Ruth Davidson: Scottish independence 'not inevitable'
Ruth Davidson has said that Scottish independence is not inevitable as she unveiled an expert group to examine the impact of Brexit on Scotland.
In a speech in London, the Scottish Conservative leader said recent polls suggested the majority of people in Scotland did not back independence.
And she said the prospect of a second referendum had now been "parked in a lay-by" by the SNP.
The Scottish government said the Conservatives were "utterly clueless"
Speaking immediately after the result of the EU referendum was announced, Scottish First Minister Nicola Sturgeon said another vote on independence was "highly likely" and instructed civil servants to start drawing up plans for a referendum.
But addressing an audience of foreign diplomats, Ms Davidson - who backed Remain ahead of the EU referendum - said the "shock" of the Brexit vote had now started to subside.
She said the SNP's strategy had always been to make independence feel inevitable, but insisted that this assumption was "wrong" and that Scotland was now suffering from "referendum fatigue" after two votes in three years.
She added: "In unsettled times that pose deep and existential questions, nationalism seeks to give easy answers wrapped in a flag.
"It thrives on chaos, and it is fair to describe that week after the (EU) vote as chaotic.
"In the immediate aftermath of the result there was a modest swing in favour of independence, but more recent polls have made it clear that this swing has not been maintained. In other words, we are back to where we were".
She argued that this had been partially recognised by the SNP, with Ms Sturgeon opting to leave her draft referendum bill "on a low shelf" when she published her programme for government last week.
Ms Davidson said: "The unstoppable bandwagon of late June now appears to have been parked in a lay-by.
"We have had five years of uncertainty and rancour over our constitutional status, now added to by the EU referendum result.
"As a result, most people in Scotland now do not want to add to that any more - yes they remain troubled by the EU result, but that is not translated into support for further constitutional upheaval in the form of yet another referendum on independence."
She said there was a risk that Scotland would enter a damaging constitutional "limbo period", with the SNP leadership "caught between the demands of their core support and the political realities of the majority of Scots".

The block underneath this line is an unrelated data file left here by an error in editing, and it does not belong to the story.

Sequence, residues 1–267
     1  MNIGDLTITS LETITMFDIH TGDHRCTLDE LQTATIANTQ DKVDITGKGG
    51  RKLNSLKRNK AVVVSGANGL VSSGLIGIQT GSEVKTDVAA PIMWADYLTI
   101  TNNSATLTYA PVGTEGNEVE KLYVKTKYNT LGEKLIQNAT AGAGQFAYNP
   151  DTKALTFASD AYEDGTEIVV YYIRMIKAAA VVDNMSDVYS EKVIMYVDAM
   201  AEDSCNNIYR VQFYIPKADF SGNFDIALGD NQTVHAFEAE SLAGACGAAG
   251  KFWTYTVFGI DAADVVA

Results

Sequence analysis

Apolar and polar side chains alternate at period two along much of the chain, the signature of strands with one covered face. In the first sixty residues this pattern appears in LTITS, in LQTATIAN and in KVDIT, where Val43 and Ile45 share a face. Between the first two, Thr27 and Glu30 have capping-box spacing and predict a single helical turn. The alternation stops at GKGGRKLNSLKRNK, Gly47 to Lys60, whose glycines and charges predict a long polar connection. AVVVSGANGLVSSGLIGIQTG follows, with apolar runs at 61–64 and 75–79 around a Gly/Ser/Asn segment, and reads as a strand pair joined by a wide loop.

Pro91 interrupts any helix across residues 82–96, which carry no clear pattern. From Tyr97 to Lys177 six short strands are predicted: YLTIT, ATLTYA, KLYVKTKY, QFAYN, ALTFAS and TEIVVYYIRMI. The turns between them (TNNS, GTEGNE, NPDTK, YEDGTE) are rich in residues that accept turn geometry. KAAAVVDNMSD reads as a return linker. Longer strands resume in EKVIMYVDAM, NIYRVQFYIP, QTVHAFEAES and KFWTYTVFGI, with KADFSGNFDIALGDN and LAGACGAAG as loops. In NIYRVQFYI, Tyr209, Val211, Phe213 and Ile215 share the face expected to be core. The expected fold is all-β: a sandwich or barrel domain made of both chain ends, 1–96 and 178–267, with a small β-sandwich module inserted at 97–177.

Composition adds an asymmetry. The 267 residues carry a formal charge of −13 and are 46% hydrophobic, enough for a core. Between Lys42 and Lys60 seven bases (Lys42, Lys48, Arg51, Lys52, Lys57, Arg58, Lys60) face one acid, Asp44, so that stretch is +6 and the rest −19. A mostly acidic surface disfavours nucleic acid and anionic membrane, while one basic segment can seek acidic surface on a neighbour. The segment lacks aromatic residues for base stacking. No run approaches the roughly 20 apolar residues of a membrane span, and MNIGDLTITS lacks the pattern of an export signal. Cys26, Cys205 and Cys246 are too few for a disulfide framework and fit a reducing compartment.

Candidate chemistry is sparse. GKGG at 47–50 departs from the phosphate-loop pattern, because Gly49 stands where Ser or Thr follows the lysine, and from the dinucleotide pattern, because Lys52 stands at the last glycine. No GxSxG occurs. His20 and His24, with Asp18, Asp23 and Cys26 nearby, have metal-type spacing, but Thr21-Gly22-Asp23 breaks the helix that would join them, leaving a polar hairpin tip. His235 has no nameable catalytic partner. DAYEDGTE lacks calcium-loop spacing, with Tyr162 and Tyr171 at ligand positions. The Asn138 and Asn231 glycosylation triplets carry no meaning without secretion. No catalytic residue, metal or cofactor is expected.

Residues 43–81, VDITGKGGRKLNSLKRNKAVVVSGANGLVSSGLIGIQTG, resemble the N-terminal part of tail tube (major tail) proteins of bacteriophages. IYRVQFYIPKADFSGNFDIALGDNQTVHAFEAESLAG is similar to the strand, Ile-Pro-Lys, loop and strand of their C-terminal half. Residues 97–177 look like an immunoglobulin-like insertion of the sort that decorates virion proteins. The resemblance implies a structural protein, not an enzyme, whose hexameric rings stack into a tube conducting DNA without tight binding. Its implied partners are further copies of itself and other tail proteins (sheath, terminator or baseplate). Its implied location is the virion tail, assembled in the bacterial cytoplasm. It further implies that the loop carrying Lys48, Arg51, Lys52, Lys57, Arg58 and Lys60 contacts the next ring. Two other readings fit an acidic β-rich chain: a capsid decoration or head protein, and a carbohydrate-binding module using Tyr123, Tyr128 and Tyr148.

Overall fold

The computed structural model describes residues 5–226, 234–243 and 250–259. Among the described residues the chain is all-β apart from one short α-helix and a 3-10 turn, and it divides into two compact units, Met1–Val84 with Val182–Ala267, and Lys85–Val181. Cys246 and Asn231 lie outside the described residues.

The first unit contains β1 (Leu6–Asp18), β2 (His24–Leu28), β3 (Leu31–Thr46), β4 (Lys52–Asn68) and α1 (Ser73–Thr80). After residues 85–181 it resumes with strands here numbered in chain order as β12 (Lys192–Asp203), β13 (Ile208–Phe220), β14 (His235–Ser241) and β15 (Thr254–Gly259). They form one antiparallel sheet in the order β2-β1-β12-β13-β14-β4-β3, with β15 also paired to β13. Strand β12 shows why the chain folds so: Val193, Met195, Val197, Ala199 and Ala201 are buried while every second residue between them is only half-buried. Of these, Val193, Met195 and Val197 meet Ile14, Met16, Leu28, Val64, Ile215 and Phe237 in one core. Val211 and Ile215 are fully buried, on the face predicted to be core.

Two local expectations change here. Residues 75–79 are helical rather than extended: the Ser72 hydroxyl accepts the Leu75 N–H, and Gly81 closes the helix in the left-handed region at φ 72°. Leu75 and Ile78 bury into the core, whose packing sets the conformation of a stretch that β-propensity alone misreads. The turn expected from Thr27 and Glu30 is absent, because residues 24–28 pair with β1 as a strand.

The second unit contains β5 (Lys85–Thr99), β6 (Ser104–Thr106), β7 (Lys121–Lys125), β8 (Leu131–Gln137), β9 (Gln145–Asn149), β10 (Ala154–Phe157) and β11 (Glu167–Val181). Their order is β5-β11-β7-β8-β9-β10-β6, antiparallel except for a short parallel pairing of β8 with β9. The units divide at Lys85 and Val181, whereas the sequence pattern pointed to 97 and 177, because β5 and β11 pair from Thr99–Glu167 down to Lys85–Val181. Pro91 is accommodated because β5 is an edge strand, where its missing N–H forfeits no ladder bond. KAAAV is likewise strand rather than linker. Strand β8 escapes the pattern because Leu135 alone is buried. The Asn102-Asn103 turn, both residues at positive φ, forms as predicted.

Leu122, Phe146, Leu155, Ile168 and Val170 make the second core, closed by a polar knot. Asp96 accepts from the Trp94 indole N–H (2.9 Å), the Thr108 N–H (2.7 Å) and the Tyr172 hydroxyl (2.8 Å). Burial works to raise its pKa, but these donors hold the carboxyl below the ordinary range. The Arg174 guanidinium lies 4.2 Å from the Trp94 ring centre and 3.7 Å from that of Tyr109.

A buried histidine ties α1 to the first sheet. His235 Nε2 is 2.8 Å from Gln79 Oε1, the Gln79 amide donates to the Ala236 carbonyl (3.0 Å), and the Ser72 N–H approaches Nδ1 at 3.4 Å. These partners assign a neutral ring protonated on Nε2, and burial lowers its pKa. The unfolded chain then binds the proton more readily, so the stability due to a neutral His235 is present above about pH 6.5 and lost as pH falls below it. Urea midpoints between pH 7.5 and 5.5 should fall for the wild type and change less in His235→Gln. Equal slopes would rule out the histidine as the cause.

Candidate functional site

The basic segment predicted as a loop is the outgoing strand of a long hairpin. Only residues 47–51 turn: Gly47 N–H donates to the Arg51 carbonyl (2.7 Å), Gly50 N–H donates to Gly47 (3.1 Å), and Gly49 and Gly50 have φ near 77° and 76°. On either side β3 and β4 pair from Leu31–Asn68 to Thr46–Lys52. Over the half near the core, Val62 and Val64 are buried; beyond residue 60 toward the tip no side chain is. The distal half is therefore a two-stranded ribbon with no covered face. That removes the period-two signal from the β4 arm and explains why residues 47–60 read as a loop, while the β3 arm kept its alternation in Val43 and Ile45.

'Deliver for Scotland'
She added: "The first minister tried to use the vote to create a bow wave surge for independence. It hasn't worked, but I don't think the SNP will stop trying.
"And sadly, in our judgement, the push for separation will continue to be the main priority for the SNP government as we head into Brexit discussions - and not the best interests of Scotland and the United Kingdom."
Ms Davidson said her party's new expert group would assess the risks and opportunities of Brexit for Scotland.
The group includes MSPs Adam Tomkins and Alexander Stewart, MEP Ian Duncan, former Scottish Whisky Association head Gavin Hewitt and former CBI Scotland director Sir Iain McMillan.
She added: "I will ask them to report to me on how best they believe Brexit can deliver for Scotland, and crucially for the entire United Kingdom too".
The Scottish government has already set up a similar group to examine how best to protect Scotland's place in Europe.
A spokesman for Ms Sturgeon said evidence was mounting of the "potentially huge damage Brexit threatens to jobs, investment and Scotland's economy".
He added: "It is Ruth Davidson and her Tory colleagues who have created the problem but who also appear utterly clueless about how to fix it.
"As a start, perhaps Ms Davidson can answer the simple question that her boss, the prime minister, was unable to answer last week: does she believe the UK should continue in the single market - yes or no?"
A Scottish Labour spokesman said: "The Brexit gamble made by the Tories has given the Nationalists an excuse to campaign for independence again when what we really need is a renewed focus on jobs, the economy and public services like our schools and NHS.
"Both the SNP and the Tories' plans would be economically damaging for Scotland - parties should be explaining what their plans are beyond the constitution."